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Lost childhood

As a social worker with over 20 years in the field of helping others, striving to make a difference in the world and battling to maintain my optimistic view that the world can become a better place, I find myself wondering at times whether or not the small steps that I take as well as others to facilitate global change really does make a difference. 

The other day I was looking over my e-newsletters from Amnesty International; a human rights organizations founded in 1961 and to my horror, I was drawn to an article entitled “Apple; Child Labour in our phones?”   Could this be true? I thought to myself.  With the cell phone industry expanding every minute and Apple making over 53 million dollars in profit last year alone in cell phone sales, I started to worry about what I was about to read and further understand.

The article spoke about one of the most prevalent chemical element found in our cell phones; cobalt being extracted by children as young as 7 years old in dangerous and hazardous conditions. I was shocked, confused and yet determined to find out more.  Some of what I found out was this;

Cobalt is one of many minerals in a mobile phone; mainly found in its battery.  Most of the world’s cobalt can be found in Africa or more specifically the Democratic Republic of Congo (DRC). Other countries such as China, Canada, Russia, Australia, Cuba, Brazil, Philippines, Zambia, South Africa, New Caledonia and Morocco are ranked in the top 10 cobalt producing countries.   Nevertheless, the DRC in 2014 produced 54,000 MT in comparison to China of 7,200 MT.  In essence, the DRC is the largest mining country in the world.  The mining process must be done by hand.  Hands of which I have now understood to be children’s hands. Children working 12 hour shifts underground collecting the mineral while others remain at the surface sifting and sorting in the grueling heat.  Children who are sent there by their parents in order to make money for the family and yet they only receive 1-2$ per day.  Children who for the most part are not wearing any protective gear or masks despite the significant dangers of exposure to cobalt dust.  UNICEF estimates that there are approximately 40,000 children working in the mines.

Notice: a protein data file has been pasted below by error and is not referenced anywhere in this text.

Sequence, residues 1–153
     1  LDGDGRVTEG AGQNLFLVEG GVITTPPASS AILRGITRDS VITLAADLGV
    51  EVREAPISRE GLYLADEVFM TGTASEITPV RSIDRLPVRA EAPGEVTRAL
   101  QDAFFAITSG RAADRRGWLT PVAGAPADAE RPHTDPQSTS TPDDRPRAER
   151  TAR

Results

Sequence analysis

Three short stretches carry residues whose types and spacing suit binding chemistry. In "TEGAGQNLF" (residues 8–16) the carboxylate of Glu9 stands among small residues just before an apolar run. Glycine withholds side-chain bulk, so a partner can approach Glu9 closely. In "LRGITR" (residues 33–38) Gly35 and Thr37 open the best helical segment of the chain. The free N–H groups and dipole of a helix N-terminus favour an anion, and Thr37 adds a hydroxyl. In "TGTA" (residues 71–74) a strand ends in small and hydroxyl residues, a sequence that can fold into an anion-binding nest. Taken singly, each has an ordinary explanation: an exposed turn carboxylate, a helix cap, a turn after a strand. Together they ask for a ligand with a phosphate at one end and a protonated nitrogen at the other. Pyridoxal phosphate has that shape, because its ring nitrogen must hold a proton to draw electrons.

In January 2016, human rights organisation Amnesty accused Apple, Samsung and Sony amongst others of failing to investigate and do basic checks to ensure that the minerals in their products are not mined by children despite their affirmation of having zero tolerance policy towards child labour.  As of today, most of the companies have stated that it is unclear to them where the cobalt they use comes from.  Others have said that they would further investigate the claims.

What blows me away is how multi-million dollar companies are able to develop technology, phones and apps for just about anything and yet it is “unclear” as to where one of the main minerals to make these products come from?  This to me is outrageous! And what is even worse, is that innocent children around the world are being exploited and abused as a result of companies’ ignorance and/or resistance in providing adequate information to consumers who dare to care about where this mineral comes from.

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Janice Hamel

Janice Hamel is a devoted social worker working in the health care field and proactively engaged in the international field.  She graduated from the University of British Colombia with her Master’s in Social Work with a concentration in International Social Work.

Over the last 20 years, Janice has taken on the role of advocate, researcher, counselor, group animator, guest speaker and manager. She has worked with adults and children living with mental health issues, woman and children affected by violence, seniors and those in palliative/hospice care. As well as in combatting to end human trafficking.